stories from the Great Commission
cleaning up the neighborhood –
here and abroad
In one of the toughest crime- a variety of youth and adult outreach
projects. The challenge of living in this
infested neighborhoods of central
Memphis, local believers are mov- community has helped prepare many
ing in, pushing out the drug dealers of them for mission work overseas.
and helping change lives. And after Some are partnering with IMB (Inter-
training here, some are taking their national Mission Board) to go to some
missions calling overseas. of the world’s most dangerous mission
It’s a one-square-mile neighborhood fields – including areas of Central Asia,
of about 9,000 people, where many Africa and South Asia.
refugees from Africa and Asia have For Nathan Cook, a local believer,
settled to make a new life for them- describing the transformation in the
selves. But poverty and crime make it community is simple.
a tough place to live. The area, how- “The general idea is for Christians to
ever, is gaining fame for its effective move into poor communities and love
homegrown array of ministries, and in your neighbor,” he said. “The problems
many ways it’s undergoing a spiritual of the neighborhood become your
face-lift. problems. People interacting who
More and more faith-filled doctors, ordinarily wouldn’t interact.”
nurses and teachers have moved into See the Winter edition of Commission Stories and
the ‘hood’ to reach out to the commu- commissionstories.com for the full story. Commission
nity. They’re offering free medical clin- Stories print magazine is offered free. Call (800) 999-3113
option 3, or visit imbresources.org to subscribe.
ics, community clean-up efforts and
Baptists see response after tsunami relief
They lost their three children and seven other relatives in one day along the coast of
India. Paramesvaran and his wife, Choodamani, had every reason to lose hope.
After the 2004 tsunami claimed the lives of their family and more than 200,000 oth-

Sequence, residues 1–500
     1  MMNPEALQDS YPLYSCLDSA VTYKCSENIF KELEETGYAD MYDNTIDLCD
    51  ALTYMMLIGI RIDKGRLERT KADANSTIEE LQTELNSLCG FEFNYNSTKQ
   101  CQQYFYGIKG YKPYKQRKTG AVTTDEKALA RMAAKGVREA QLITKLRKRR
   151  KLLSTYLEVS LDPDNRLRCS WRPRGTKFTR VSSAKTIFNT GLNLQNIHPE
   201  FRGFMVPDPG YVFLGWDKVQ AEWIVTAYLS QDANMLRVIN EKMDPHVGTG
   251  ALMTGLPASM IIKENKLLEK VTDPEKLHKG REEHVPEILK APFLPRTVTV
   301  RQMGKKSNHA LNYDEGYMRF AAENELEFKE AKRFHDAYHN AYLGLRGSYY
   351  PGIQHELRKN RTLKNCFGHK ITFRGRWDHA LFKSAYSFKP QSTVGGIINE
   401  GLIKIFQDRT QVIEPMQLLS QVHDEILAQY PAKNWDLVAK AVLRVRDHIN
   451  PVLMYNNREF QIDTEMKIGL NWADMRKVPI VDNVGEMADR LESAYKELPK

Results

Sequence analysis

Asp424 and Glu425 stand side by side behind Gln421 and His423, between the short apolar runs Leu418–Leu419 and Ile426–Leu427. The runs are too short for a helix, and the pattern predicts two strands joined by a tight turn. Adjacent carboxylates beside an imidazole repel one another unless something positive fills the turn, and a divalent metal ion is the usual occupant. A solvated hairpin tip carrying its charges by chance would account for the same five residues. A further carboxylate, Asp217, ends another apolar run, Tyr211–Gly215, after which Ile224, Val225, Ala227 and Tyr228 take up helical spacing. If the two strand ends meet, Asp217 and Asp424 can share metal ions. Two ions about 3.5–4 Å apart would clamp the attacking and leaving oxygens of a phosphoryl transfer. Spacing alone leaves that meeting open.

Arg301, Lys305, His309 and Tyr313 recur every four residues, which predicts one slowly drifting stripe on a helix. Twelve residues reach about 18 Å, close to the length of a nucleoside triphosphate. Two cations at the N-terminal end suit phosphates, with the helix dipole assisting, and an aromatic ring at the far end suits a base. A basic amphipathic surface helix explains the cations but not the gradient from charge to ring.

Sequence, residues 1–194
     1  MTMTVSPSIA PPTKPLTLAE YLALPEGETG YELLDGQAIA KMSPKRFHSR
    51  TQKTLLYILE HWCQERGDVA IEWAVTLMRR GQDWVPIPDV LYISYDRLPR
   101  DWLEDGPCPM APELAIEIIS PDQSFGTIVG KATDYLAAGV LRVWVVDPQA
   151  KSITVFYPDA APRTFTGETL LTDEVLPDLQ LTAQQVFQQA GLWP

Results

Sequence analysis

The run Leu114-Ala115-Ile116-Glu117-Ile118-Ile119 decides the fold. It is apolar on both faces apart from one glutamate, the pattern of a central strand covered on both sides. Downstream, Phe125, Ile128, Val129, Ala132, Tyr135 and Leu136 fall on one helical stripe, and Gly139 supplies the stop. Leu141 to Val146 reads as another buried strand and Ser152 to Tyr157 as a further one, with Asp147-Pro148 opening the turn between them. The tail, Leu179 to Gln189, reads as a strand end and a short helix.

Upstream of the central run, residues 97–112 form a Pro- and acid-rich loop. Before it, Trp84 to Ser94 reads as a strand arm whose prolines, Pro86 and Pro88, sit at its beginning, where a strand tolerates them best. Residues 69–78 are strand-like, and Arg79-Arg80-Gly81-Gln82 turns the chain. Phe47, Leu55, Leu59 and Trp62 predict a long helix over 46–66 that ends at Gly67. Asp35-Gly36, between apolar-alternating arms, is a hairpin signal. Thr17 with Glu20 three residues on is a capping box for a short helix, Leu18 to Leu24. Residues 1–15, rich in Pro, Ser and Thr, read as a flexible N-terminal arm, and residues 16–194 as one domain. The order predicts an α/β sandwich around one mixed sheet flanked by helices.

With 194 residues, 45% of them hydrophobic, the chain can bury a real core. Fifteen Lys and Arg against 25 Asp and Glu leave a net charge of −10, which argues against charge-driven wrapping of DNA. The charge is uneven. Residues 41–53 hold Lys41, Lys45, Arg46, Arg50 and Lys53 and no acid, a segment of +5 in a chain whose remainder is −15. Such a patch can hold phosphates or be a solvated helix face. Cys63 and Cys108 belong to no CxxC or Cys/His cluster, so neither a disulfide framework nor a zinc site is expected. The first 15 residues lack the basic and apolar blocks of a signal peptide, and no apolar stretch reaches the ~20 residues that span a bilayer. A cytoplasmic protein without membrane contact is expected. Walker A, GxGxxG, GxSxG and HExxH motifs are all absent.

ers in 11 countries, the couple struggled with depression and suicide. Their Christian
faith, however, led them to start an orphanage for 20 children – many of whom lost
parents in the tsunami. Backed with the gifts of Southern Baptists — more than $17
million donated for tsunami relief — an IMB worker helped the couple provide beds,
clothes, school supplies and other needs for the children.
Since then, all of the children have accepted Christ as their savior and some of them
are working with Paramesvaran to share Christ with the community.
Baptist relief efforts in the region helped prompt the beginnings of 1,400 house
churches and 12,000 people accepted Jesus Christ as their savior.
Learn more about Paramesvaran’s story at commissionstories.com.
news from NAMB
The morning mist lingers over the Appalachian Mountains as missionaries Charles
and Marjorie Wilson open the doors of the Wheelwright (Ky.) Baptist Center for
another day of ministry in the tiny hamlet. Forty percent of the people in southern
Floyd County live below the poverty line. For 23 years, the Wilsons have helped
meet the physical and spiritual needs of the community with support from
Southern Baptists. Due to the current economic crisis, more and more people
are looking for help. Baptist Centers are a beacon of hope to their communities.
To find a center near you, visit www.namb.net/ministrycenters.
Contact us for a free subscription.
imbresources.org • (800) 999-3113
IMB and NAMB are supported by the Lottie Moon Christmas Offering® and the Annie Armstrong
Easter Offering®, respectively, and the Southern Baptist Convention’s Cooperative Program.
Lottie Moon Christmas Offering and Annie Armstrong Easter Offering are registered trademarks of WMU®.
JANUARY 2010 PP 183.9M 11/09 P5889-1